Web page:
Merivel is a very modern man, or at least Tremain allows our modern eyes to comprehend and share what he sees. His medicine is of the time (as we saw during the plague), but he is still modern in comparison to other doctors of his day. Two of the most powerful passages in the book come when he has to treat his daughter for typhus, and when he has to cut out a cancer from a former lover (the daughter survives, the lover doesn’t); and there is a very affecting scene when he has to stand by helpless as he watches lesser doctors treat the dying Charles II by bloodletting so incompetent that they resort to cutting his jugular to get blood out. What we get, therefore, is a character who is in his time but not fully of it, so that as we float behind his eyes we get to witness the 17th century without quite inhabiting it. This is particularly true when he witnesses poverty. In the earlier novel he suffered genuine hardship after being ousted from Bignold, working for a time in a hospital for the insane run by a Quaker friend. With that history, he is far more conscious of poverty than a gentleman of his class and time would likely have been, all too aware that Charles scattering coins during an unlikely visit to an apothecary is going to make no real difference. This is a modern, not a contemporary, sensibility speaking. But then, Tremain’s novel is a comic picaresque that turns steadily into a tragedy; it is the lightness of Merivel’s character and the web of circumstance that enwraps him that is important, far more than the absolute veracity of the setting.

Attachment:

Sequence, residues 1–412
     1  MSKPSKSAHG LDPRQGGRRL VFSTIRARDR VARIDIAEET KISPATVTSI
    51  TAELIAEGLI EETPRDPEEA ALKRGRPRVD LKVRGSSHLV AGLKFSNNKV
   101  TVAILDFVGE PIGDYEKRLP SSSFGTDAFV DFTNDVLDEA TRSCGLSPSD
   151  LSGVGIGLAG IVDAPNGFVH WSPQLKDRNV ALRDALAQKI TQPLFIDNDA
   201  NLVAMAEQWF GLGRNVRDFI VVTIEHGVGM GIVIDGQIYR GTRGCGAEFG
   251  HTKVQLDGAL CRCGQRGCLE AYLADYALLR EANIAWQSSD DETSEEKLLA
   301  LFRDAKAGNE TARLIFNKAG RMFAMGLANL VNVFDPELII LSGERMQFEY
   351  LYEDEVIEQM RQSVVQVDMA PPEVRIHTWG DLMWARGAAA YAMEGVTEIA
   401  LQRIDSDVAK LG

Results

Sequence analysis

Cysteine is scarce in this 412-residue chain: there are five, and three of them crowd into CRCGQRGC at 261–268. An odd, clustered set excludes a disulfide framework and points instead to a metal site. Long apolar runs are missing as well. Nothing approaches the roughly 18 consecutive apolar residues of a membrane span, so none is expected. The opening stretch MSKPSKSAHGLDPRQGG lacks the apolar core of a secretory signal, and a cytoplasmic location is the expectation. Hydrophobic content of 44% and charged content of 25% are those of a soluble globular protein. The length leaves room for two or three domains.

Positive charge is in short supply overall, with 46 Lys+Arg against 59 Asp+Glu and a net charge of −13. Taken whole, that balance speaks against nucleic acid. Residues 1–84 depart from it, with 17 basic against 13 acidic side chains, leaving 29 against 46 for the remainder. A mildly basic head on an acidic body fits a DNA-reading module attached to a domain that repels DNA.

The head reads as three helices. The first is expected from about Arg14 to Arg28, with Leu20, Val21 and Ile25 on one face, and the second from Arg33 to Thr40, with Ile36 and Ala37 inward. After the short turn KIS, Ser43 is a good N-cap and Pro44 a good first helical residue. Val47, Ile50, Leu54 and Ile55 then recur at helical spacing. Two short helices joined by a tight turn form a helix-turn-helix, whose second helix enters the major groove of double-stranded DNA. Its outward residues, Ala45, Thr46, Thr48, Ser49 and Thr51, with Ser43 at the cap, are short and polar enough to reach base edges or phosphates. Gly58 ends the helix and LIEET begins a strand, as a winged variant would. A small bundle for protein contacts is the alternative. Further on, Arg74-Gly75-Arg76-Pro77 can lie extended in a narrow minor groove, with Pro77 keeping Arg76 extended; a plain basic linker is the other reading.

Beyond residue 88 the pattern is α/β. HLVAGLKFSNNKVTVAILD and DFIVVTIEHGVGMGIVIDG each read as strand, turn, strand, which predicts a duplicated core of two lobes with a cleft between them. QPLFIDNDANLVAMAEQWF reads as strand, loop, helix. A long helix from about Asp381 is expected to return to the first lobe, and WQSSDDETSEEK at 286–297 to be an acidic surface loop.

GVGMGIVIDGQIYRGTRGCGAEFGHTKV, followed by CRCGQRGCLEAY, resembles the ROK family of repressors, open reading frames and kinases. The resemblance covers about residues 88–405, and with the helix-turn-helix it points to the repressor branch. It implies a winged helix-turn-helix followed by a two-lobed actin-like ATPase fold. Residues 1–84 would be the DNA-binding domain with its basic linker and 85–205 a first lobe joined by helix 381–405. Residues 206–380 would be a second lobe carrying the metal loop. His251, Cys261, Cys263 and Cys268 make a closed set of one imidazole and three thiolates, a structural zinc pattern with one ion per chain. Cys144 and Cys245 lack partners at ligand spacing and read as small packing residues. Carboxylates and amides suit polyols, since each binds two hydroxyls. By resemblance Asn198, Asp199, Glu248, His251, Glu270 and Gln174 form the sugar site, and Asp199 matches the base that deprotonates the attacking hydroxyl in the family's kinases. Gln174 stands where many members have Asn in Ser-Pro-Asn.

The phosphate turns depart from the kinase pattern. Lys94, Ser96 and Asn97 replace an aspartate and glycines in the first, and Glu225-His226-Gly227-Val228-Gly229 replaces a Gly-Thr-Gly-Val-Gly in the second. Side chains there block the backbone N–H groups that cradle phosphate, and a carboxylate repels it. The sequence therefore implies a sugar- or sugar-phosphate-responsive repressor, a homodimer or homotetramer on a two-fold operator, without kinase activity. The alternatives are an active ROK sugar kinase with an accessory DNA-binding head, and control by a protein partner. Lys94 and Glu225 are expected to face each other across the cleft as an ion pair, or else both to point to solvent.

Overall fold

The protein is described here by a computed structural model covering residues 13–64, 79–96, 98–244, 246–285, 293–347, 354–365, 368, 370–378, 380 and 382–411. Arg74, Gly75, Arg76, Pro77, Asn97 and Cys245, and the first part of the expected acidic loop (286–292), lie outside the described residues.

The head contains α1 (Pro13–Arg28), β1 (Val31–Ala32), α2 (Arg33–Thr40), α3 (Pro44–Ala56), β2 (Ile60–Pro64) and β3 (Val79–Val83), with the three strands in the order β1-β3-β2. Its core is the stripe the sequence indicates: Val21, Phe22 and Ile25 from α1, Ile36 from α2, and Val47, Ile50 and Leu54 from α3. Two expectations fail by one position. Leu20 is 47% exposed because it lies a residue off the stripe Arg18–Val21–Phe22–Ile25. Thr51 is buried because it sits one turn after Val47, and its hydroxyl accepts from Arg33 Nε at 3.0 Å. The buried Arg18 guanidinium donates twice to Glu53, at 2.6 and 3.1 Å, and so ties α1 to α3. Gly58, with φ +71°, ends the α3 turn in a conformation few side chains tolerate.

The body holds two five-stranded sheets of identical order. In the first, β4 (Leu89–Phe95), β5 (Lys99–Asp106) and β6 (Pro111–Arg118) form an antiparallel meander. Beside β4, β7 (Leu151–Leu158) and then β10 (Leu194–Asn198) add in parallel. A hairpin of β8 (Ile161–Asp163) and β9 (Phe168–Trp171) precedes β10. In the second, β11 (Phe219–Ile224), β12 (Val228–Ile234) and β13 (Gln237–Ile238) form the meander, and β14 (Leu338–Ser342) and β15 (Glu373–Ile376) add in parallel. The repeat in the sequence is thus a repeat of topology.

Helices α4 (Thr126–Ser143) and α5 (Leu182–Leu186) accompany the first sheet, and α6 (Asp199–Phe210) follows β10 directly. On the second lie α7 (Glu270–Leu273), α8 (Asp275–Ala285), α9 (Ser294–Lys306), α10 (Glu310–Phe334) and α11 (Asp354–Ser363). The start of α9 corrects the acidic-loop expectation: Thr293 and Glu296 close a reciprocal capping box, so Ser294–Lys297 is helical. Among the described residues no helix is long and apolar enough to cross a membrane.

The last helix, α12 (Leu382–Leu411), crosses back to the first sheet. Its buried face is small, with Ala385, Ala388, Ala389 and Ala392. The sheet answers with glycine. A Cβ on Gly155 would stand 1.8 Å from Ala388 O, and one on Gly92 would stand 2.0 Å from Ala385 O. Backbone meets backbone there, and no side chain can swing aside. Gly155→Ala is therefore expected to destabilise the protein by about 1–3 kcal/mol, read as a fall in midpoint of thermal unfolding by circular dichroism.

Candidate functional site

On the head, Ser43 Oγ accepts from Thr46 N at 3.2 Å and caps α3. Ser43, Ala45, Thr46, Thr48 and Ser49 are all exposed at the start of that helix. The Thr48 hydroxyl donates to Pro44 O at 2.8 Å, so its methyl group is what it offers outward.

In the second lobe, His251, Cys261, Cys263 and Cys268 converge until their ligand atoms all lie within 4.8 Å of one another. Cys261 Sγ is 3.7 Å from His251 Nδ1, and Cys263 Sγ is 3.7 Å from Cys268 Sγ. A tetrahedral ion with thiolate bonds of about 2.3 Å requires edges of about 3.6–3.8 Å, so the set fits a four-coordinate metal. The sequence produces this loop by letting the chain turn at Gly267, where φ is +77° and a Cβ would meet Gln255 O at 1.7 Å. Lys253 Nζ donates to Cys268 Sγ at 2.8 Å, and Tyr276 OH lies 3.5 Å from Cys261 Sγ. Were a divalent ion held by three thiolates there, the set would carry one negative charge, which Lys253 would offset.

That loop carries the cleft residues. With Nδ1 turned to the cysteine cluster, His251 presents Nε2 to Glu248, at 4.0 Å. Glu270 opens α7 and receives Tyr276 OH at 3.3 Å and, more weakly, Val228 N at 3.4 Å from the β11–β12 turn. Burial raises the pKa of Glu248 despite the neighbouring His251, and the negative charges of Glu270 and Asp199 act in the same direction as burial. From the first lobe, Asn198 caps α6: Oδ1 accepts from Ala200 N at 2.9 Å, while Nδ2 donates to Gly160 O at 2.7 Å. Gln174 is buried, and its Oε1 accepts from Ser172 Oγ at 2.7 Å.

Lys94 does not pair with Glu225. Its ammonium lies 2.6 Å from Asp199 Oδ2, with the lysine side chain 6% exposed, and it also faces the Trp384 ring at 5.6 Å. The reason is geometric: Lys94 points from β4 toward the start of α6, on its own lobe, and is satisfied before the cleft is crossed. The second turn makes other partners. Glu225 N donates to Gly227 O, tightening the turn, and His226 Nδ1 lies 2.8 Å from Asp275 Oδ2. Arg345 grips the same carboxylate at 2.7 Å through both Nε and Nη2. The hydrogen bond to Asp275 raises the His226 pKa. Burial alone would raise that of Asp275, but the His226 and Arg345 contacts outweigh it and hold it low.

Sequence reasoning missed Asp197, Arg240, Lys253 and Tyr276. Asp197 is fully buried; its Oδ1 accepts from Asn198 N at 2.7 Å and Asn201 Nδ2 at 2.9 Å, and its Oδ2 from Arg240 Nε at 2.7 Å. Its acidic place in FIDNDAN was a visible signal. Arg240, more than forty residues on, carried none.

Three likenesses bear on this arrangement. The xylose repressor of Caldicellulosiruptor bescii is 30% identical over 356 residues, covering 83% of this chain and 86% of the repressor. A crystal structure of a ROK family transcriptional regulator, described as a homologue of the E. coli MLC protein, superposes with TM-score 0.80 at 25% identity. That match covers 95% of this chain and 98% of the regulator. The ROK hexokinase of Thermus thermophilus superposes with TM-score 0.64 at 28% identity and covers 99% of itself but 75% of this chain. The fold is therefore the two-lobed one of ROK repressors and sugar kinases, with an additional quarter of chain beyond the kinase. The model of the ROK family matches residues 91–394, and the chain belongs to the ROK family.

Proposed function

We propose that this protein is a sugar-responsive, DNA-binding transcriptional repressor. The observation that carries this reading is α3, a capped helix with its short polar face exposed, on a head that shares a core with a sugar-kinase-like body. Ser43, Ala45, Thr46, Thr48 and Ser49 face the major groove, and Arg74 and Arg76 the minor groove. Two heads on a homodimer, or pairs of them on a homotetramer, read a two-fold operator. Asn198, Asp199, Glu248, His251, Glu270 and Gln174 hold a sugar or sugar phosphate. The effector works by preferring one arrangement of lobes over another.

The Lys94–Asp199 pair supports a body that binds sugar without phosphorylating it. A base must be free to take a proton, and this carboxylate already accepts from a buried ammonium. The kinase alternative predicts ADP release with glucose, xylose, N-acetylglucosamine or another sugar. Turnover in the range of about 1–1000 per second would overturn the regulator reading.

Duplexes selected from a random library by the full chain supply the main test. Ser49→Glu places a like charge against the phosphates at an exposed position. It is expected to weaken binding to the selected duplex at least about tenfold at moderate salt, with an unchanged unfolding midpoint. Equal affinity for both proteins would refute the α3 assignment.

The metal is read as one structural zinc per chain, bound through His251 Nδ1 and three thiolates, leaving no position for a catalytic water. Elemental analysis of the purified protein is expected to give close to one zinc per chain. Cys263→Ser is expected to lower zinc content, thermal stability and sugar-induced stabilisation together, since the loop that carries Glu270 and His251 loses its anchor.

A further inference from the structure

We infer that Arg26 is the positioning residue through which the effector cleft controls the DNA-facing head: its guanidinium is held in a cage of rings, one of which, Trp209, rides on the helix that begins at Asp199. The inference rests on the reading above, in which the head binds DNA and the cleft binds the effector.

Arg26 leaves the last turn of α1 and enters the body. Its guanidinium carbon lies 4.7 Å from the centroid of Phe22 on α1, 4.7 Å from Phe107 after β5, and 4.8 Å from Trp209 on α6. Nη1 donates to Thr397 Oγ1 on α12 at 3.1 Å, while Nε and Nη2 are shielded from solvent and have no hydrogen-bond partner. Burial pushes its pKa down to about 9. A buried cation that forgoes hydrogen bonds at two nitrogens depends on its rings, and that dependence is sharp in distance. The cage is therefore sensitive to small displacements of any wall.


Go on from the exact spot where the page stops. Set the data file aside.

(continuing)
In contrast, John Saturnall is fully of his time. Our encounters with poverty, for example, are constant, brutal and unsentimental. People starve, people freeze, the workhouse engenders dread but a child with no other alternative will be sent there without a second thought. Poverty is not something encountered intermittently, something over which you might worry whether a few coins will help; poverty is constant, painful, and no-one has coins to worry about. Moreover, poverty is not something to be encountered in isolation. The boys who work in the kitchen at Buckland Manor sleep on the floor where they work, and labour from the moment they wake until they collapse in exhaustion at the end of the day. There is violence, to which the only response is more violence. There is all the religious extremism of the age, which mostly plays out a way to righteously and piously exert power over others. And, of course, there is hierarchy, played out in countless different ways throughout the novel. All of which is presented without question, without the moral qualms that are a symptom of a modern view.
But then, John Saturnall’s Feast is neither comic nor picaresque, nor is it a tragedy. Indeed, it is a novel that ends on a note of hope. It is, rather, a novel that attempts to come to terms with the simple reality of survival at that time.
Except that where Merivel is a novel of the 17th century that looks forward, a novel that allows our 21st century readers to see themselves in the reign of Charles II; John Saturnall’s Feast is a novel that looks backwards from the 17th century. It is a story in which central relationships are shaped by issues that stretch back as far as Roman times, and in which the circumstances within Buckland Manor seem almost medieval. In part, this feels wrong, it turns the book from a novel into an exercise in myth-making; but then, there’s also the sense that looking backwards is all that is possible. Characters truly of the 17th century could not display 21st century sensibilities, but they could all too easily display medieval sensibilities.
The end result is that Merivel is an entertaining novel, but John Saturnall’s Feast feels richer and darker.